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I want to rent my house out. Help!!

(3 Posts)
LilBB Thu 30-Jun-11 12:31:42

Ok we really want to move to a bigger house (baby on way) and nearer to work as that will save us about £400 a month in petrol. Plan was sell to break even, stupid recession means we don't have much equity left, then rent for a couple of years whilst saving a deposit. House has been up for sale for 6 months without even one viewer. Friend of a friend has expressed an interest in renting it from us.

We have considered going down that route using an agent. However it seems we pay the agent a lot for very little. Can anyone give advie on going it alone? What do I need to do?

I know I need gas and electricity safety certificates and landlord insurance. What do we do with the deposit? It has to go in to some sort of bond doesn't it? Also do I need a solicitor or are there bog standards contracts you can get? Am I missing anything?

Sorry if these sound stupid but we haven't done this before and I really want to move.

20wkbaby Thu 30-Jun-11 12:40:13

We are in the process of letting our house and buying another and here are some of our experiences.

We have quite a bit of equity in the property we are letting, some of which we need to release for a deposit on the new house. Some we need to keep in let house to ensure the mortgage does not get too high. Our buy to let mortgage requires that we achieve in rental income 125% of the mortgage repayment amount (will be interest only).

Obviously the equity also has an effect on the amount of mortgage (spread over two properties) that we are able to raise.

Also mortgages tend to have a requirement that the property is not let to another party so it would be wise to check your terms and conditions although I believe this is fairly standard.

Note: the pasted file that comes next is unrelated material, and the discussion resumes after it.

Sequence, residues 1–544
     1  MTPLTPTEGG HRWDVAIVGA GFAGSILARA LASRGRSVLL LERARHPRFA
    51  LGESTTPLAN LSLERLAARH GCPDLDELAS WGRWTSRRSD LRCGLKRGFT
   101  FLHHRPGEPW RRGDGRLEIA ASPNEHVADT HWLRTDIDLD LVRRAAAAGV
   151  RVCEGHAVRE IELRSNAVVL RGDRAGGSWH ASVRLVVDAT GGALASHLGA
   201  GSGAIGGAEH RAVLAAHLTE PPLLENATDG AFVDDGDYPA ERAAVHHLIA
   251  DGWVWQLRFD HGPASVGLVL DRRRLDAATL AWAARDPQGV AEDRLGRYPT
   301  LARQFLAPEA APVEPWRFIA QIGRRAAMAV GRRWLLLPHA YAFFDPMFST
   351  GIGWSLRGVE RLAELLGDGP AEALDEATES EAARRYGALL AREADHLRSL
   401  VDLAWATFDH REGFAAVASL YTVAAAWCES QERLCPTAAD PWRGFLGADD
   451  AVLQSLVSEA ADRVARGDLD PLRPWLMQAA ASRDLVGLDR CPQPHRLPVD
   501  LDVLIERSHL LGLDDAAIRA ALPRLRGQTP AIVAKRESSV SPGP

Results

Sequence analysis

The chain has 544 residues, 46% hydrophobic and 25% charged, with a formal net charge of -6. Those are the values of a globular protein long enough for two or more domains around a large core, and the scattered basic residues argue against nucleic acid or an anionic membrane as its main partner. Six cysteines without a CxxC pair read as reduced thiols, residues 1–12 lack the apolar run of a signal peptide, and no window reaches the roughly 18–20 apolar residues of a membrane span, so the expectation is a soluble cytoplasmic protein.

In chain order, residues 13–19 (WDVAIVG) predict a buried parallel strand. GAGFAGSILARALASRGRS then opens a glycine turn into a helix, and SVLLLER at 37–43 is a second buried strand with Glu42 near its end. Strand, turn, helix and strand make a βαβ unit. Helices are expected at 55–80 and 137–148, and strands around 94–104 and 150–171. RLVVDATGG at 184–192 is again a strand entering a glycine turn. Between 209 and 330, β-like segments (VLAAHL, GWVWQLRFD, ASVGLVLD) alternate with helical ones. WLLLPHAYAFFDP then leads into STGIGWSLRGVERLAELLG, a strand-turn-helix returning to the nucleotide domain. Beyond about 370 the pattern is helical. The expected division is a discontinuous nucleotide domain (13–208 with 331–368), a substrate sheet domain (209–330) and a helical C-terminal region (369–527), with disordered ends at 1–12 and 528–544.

To give you the best advice I can we got some great free advice (no obligation) from a mortgage broker associated with a rental/ estate agent. They can explain the situation to you and help you calculate if you can afford it. If we had not wanted to take this person's advice we could have just walked away, as far as I can tell they make their money by arranging mortgages/ insurance/ life assurance etc once the process is well in train. This sounds like it could be a bad thing but we have found a really good mortgage deal we would never have found by ourselves.

maggiethecat Thu 07-Jul-11 00:42:21

Have a look at this thread
Not sure if that's been linked but if you find it sooz28 offered some great advice that I followed and have since rented property.
Best thing was probably connecting with UPAD and advertising flat through them on Rightmove etc. Did referencing with Homelet (tenant paid) and then collected non -refundable reservation fee. Got agreement done up (you can buy these online or if you join NLA you can access their docs).
You'll need EPC if you don't already have one (if you had one for sale purpose you can check if still valid for rental), gas safety check and inventory. Electric report is not mandatory but may be advisable. Buildings insurance required.

Deposit needs to be protected - costs about £30/annum to protect through Mydeposits but there may be other providers of the insurance based scheme (you keep deposit but tenant is guaranteed to get back deposit if you run away).

NLA is very useful for new landlords - costs about £99/year but this gives you service discounts (for referencing, inventories, EPCs etc), access to docs, advice line etc.

You do need to put some time and effort in it but even with agents you need to do so.

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